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Dimitry Esquire
Dimitry Esquire, Attorney
Category: Real Estate Law
Satisfied Customers: 41221
Experience:  JA Mentor, multiple jurisdictions, specialize in business/contract disputes, estate creation & admin
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My wife and I own ( by TE ) 47 Acres of land improved by a

Customer Question

My wife and I own ( by TE ) 47 Acres of land improved by a SF residence
In 2004 We borrowed 200k from a "friend" 9, BD, and used the property to secure the note.
The note and deed of trust were signed and recorded in September 2004
The note requires payment in full 36 months from the date "hereof" ( 29/9/2004 )
The Deed of Trust refers to the 200k being due 60 months from the date hereof.
Neither the Note nor teh Deed were paid as agreed. BD never took any action to record any notices of default, foreclosure etc. We have never signed anything other than this first set of documents.
In 2009 my wife and I both filed for Chpt 7 and were discharged in 2009
BD and his note were included properly in the bankruptcy. We never signed any agreements to repledge or similar.
So over the years we have paid BD interest payments but have not signed nor has he recorded any docs since 2004.
So I would like to know... what do I need to file to clear BD's lien from my property?
I understand that the staute of limitations has long since lapsed and so my thinking is that BD no longer has a security interest and that the note was properly discharged in a chapter 7 case. Will he have an recourse if I do file to release this claim?
Submitted: 1 year ago.
Category: Real Estate Law
Expert:  LawTalk replied 1 year ago.

Good afternoon,

I'm Doug, and I'm very sorry to hear of your situation. My goal is to provide you with excellent service today.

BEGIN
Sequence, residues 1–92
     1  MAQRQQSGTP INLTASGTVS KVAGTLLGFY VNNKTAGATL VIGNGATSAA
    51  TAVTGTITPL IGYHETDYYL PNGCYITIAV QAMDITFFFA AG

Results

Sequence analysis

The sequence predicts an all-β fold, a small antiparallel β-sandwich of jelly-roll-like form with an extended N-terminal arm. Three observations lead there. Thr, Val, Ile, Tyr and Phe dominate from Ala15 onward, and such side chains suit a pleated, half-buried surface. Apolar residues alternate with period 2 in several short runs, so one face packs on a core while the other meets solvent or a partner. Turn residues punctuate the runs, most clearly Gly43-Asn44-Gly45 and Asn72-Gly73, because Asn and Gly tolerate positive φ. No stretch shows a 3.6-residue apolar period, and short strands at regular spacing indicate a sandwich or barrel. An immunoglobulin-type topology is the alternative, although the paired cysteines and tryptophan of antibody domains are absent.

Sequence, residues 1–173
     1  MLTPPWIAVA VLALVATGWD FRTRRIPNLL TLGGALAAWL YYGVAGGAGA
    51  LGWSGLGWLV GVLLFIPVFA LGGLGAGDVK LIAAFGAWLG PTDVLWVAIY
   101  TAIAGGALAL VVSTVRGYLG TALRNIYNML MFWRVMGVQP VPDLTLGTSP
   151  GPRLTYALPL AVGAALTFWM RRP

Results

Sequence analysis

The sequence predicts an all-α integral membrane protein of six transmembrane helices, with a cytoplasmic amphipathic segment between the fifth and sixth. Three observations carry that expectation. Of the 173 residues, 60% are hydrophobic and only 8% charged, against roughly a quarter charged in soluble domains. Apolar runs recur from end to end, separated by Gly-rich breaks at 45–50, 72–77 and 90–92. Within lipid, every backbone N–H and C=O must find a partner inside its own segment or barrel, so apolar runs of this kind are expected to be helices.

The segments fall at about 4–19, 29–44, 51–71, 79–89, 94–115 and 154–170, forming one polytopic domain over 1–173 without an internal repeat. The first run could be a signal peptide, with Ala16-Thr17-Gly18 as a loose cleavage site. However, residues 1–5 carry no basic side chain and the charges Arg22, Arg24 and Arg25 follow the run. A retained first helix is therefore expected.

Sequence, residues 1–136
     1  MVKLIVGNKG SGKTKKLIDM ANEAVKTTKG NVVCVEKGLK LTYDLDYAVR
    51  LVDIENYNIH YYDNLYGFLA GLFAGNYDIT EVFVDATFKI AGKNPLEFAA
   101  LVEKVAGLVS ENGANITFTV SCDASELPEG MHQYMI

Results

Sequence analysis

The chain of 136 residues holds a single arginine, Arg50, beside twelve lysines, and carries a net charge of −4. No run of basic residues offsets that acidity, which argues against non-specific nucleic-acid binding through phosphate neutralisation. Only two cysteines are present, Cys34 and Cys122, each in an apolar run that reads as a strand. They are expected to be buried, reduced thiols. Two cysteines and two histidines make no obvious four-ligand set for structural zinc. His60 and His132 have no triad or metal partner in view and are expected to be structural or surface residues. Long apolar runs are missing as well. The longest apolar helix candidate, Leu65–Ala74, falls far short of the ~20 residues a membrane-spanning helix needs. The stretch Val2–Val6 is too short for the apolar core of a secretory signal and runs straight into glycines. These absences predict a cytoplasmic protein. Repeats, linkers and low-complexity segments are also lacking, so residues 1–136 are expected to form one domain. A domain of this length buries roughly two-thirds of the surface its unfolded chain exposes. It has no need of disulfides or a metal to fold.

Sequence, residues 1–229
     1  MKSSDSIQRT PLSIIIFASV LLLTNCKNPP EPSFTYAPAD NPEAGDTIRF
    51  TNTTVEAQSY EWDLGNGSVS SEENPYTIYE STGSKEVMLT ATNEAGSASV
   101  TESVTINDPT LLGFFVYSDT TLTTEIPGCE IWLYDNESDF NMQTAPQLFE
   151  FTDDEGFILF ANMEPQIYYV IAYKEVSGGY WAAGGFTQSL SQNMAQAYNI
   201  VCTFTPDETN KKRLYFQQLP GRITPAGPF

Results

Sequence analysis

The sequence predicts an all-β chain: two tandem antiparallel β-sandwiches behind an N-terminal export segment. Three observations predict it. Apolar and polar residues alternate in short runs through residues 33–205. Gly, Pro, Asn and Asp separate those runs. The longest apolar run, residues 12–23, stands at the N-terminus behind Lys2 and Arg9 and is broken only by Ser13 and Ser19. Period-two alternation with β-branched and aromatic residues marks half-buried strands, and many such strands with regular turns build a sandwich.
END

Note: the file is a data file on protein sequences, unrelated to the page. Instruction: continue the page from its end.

I empathize with your situation, but I believe you may misunderstand the statute of limitations as it applies in this situation.

Once a lien is filed on a property it doesn't go away, despite the fact that you may file bankruptcy and have the personal obligation on the debt discharged. Neither does the lien go away because the statutes of limitation may have run on the right of the lender to sue you because they failed to file suit within the appropriate amount of time. A secured interest in real property once filed, remains a valid claim against the property forever, until; the lien is satisfied or otherwise released by the lender.

In conclusion, while the note may have been discharged in your bankruptcy, the bankruptcy had no legal effect on a secured lien on the property which was in place prior to the date of bankruptcy? To clear the lien, unless the lender is willing to simply forgive the debt, the debt will need to be paid off---either before you sell the property, or during closing on a sale in the future by you or by your heirs or assigns.

I understand that you may be disappointed by the Answer you received, as it was not particularly favorable to your situation. Had I been able to provide an Answer which might have given you a successful legal outcome, it would have been my pleasure to do so.

If you have additional questions, you may of course reply back to me and I will be happy to continue to assist you further until your questions have been answered to your satisfaction.

Would you please take a moment to positively rate my service to you based on the understanding of the law I provided by clicking on the rating stars---three stars or more. It is that easy. That is the way I am compensated for having helped you.